Center for Systems Neuroscience

We are excited to announce the launch of a new Center that joins the BU portfolio of dedicated research missions, the BU Center for Systems Neuroscience (CSN). CSN will be an active hub that connects the select research interests of our faculty and students in this exciting area of neuroscience that spans our schools, colleges, and campuses. The Center is directed by Dr. Michael Hasselmo.



Dr. Hasselmo arrived at BU in 1998 from Harvard University. With more than 15,000 citations of his work, his research uses neurophysiological recording and computer modeling to link the dynamics of cortical circuits to memory-guided behavior – a field that addresses physiological effects relevant to Alzheimer’s disease, schizophrenia and depression. Dr. Hasselmo is a member of numerous scientific journal editorial boards, including the Board of Reviewing Editors at Science.  He is the Computational Neuroscience editor at the journal Hippocampus and an Associate Editor of the Journal of Neuroscience, and in 2012 he published a new book on episodic memory. He is the chairman of the NIH Neurobiology of Learning and Memory study section (LAM). He is Principal Investigator on two NIH R01 grants and a $7.5 million Office of Naval Research Multi-disciplinary University Research Initiative Award. A former Rhodes Scholar, Dr. Hasselmo received his A.B. from Harvard and his Ph.D. from Oxford University.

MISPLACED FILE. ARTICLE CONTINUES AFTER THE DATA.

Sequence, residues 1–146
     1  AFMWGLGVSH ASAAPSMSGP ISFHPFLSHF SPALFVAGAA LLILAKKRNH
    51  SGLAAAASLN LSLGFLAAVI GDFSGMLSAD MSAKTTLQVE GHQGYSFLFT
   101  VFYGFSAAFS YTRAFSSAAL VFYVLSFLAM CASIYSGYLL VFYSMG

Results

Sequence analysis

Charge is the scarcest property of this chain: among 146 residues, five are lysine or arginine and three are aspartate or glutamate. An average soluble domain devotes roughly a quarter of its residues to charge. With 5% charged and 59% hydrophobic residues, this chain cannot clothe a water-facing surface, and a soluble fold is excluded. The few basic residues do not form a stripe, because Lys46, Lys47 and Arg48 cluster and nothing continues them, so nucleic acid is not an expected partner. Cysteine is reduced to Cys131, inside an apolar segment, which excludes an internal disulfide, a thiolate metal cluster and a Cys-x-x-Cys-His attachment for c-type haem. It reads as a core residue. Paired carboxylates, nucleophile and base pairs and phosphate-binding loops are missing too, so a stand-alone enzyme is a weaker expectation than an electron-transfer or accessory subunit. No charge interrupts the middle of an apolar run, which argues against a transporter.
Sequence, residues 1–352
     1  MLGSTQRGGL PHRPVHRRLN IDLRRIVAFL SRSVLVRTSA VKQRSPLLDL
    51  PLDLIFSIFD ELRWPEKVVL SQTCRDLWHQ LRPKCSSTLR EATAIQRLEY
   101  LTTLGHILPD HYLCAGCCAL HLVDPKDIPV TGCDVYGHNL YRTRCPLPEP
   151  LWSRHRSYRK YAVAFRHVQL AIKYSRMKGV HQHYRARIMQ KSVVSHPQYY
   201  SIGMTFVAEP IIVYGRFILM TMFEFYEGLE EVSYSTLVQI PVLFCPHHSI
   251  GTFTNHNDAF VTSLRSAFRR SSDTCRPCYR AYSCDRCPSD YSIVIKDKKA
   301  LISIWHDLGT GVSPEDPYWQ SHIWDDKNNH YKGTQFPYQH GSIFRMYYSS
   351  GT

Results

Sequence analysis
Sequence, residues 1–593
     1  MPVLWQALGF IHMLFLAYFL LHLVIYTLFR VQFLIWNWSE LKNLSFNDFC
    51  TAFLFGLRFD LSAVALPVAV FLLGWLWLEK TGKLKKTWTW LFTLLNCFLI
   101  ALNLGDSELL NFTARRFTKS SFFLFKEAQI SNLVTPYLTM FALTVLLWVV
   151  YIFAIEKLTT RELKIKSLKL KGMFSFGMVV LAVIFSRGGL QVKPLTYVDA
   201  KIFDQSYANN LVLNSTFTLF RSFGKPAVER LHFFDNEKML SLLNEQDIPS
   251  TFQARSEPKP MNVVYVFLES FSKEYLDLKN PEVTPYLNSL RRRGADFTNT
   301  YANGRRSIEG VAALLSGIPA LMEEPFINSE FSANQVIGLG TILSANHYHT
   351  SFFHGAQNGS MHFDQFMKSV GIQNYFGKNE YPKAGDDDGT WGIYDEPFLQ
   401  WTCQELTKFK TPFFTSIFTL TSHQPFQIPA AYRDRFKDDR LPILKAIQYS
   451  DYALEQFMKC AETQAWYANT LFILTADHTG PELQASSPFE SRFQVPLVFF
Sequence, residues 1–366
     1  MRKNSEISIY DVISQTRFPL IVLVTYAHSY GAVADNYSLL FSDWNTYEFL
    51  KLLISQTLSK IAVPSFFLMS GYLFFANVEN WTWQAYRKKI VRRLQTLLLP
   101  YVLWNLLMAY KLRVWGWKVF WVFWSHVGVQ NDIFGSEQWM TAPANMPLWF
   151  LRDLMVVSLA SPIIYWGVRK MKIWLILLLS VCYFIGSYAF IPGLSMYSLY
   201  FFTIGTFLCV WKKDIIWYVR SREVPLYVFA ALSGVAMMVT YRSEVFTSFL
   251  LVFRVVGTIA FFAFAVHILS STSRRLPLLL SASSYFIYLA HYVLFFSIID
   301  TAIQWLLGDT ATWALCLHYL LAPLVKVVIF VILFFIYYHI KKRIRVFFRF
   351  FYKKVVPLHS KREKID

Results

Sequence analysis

In addition to being an internationally recognized leader in systems neuroscience and an active member of the BU neuroscience community, Mike is a member of the Department of Psychological and Brain Sciences and an outstanding mentor in the university wide Graduate Program for Neuroscience (GPN).

Please navigate to the Center for Systems Neuroscience  to access the new website!

A primary goal of the Center for Systems Neuroscience at Boston University is to foster collaborations by researchers from different departments, schools, colleges and campuses.  All researchers are invited to attend a new series of lunchtime talks at Boston University on Wednesdays at noon to facilitate discussion and collaborations associated with the new center. Seminars will include internal BU speakers and external speakers associated with an NSF EAGER grant that funds a new Initiative for Physics and Mathematics of Neural Systems (IPMNS) at Boston University to facilitate collaborations between physicists, mathematicians, engineers and neuroscientists.